In 1949 he returned to America as guest conductor with both Toscanini's NBC Symphony and the Philadelphia Orchestra, and began a four-year assignment with the U.S. State Department as the director of music services.

In 1953 he moved to Los Angeles following in the footsteps of Carl Ebert at the University of Southern California as professor of opera and director of the USC Opera Theater. This 15-year period showcased over 25 operas including The Rake’s Progress(Stravinsky), Liebe der Danae(Strauss), Peter Grimes(Britten), and Mathis der Maler(Hindemith). He also began his "third" career of translating over 25 operas into understandable and singable English. His comprehensive understanding of the slightest nuance and detail of Italian, French, Czech, and German gives his widely used translations a marvelous depth of understanding. Over a 25-year period, he regularly appeared with the Texaco Metropolitan Opera Quiz (a panel of experts quizzed about opera trivia during the intermission of the Metropolitan Opera broadcast).

Walter and his wife, opera singer and voice teacher Gina (Rifino), arrived in Austin in the fall of 1968. They brought opera with them. His marvelously witty and comprehensive pre-concert lectures and lecture series induced a love of opera in many who never before had attended an opera. These journeys to the Dallas, Santa Fe, San Francisco, and Houston operas planted the seed for the astoundingly successful Austin Lyric Opera (ALO), which he co-founded in 1986 with Joseph McClain. This "musical congregation" became the core of supporters for the development of the Austin Lyric Opera. He served as ALO’s conductor and musical director until 1989. His farewell conducting appearance with the ALO was The Marriage of Figaroin 1994. His statement in 1957, that "opera will never impact American culture until we are producing opera to suit the mainstream environment, using ‘homegrown’ American young singers," became the axiom for the unparalleled success of the young, "grassroots" Austin Lyric Opera. In addition to his contribution to the development of the School of Music and to the musical education of University of Texas students, he also envisioned and helped design the Performing Arts Center, which has become one of the foremost cultural centers in Texas.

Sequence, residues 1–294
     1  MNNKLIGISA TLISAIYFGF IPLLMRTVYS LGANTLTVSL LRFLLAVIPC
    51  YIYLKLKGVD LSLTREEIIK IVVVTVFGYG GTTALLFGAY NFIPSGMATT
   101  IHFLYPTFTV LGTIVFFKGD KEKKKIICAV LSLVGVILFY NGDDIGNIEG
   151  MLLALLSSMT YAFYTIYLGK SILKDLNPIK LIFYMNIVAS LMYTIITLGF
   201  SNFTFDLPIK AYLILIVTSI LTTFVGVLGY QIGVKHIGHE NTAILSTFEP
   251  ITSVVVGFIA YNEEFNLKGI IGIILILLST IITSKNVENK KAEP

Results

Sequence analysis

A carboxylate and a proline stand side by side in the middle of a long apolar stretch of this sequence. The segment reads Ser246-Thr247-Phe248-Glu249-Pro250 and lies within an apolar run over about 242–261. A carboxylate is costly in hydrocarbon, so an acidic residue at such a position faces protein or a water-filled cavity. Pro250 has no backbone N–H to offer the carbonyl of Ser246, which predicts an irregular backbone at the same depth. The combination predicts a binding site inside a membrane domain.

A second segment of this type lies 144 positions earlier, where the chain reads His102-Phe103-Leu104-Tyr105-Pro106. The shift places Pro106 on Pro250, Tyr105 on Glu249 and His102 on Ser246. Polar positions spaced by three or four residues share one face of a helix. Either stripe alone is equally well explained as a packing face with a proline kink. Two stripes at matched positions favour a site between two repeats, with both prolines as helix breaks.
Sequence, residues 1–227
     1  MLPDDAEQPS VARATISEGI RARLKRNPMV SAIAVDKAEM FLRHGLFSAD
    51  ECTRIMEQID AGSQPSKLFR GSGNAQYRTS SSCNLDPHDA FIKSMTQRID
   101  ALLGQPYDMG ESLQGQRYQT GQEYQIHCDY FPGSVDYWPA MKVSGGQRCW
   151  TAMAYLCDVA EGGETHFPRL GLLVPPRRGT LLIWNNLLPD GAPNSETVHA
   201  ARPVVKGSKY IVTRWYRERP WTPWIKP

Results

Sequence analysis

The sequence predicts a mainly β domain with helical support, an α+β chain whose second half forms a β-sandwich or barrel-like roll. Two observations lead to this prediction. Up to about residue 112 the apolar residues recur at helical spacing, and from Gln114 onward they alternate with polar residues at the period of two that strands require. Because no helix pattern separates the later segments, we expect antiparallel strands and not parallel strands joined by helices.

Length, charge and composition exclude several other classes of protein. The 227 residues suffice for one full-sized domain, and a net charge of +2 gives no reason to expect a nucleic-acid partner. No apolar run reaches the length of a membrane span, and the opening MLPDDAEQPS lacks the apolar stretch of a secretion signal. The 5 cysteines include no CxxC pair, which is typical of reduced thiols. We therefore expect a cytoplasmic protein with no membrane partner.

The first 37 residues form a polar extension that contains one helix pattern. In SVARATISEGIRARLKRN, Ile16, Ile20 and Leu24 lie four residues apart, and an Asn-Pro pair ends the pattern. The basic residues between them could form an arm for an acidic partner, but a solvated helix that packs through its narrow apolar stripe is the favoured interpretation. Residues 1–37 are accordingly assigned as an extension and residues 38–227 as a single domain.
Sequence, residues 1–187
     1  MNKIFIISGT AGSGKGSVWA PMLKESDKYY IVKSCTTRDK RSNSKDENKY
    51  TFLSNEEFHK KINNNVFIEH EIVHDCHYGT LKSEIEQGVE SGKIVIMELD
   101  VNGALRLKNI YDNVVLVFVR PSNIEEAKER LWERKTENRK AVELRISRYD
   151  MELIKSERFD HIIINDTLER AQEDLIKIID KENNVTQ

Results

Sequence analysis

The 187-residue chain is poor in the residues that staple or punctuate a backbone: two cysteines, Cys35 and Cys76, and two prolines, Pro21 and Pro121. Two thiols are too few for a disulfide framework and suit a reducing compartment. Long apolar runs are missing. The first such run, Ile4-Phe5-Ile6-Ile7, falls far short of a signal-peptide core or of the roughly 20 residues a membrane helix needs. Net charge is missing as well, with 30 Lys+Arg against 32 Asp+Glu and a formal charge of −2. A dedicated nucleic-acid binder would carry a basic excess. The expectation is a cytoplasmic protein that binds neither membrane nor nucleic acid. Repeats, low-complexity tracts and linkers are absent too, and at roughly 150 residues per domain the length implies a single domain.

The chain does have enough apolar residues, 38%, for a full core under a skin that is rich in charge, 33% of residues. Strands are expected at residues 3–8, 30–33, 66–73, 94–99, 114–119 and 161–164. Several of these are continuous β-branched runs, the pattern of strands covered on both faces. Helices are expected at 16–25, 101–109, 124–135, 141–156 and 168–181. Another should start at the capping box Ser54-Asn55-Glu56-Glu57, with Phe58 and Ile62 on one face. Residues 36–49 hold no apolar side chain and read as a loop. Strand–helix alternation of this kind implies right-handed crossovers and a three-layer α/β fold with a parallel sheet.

He is survived by Gina, his wife of 53 years, three children, Claude, Phillip, and Denise, and four grandchildren. In addition to the Bronze Star, his numerous awards included five battle stars and a battlefield commission to lieutenant, as well as the Bronze Medal from the government of Italy for his work with Italian Opera in America and Germany’s Verdienstkreuz (Cross of Merit, first class) for accomplishment in German opera. At the University, Walter held an Ashbel Smith chair, the Frank Erwin Centennial chair in Opera, and received the E. W. Doty Award for Excellence. He and his wife also created the Walter and Gina Ducloux Fine Arts Fellowship Endowment at the University.


Larry R. Faulkner, President
The University of Texas at Austin


John R. Durbin, Secretary
The General Faculty

This memorial resolution was prepared by a special committee consisting of Professors Darlene Wiley (chair), Rose Taylor, and Leonard Johnson.

Distributed to the Dean of the College of Fine Arts, the Executive Vice President and Provost, and the President on March 14, 2000. Copies are available on request from the Office of the General Faculty, FAC 22, F9500. Revised April 27, 2000.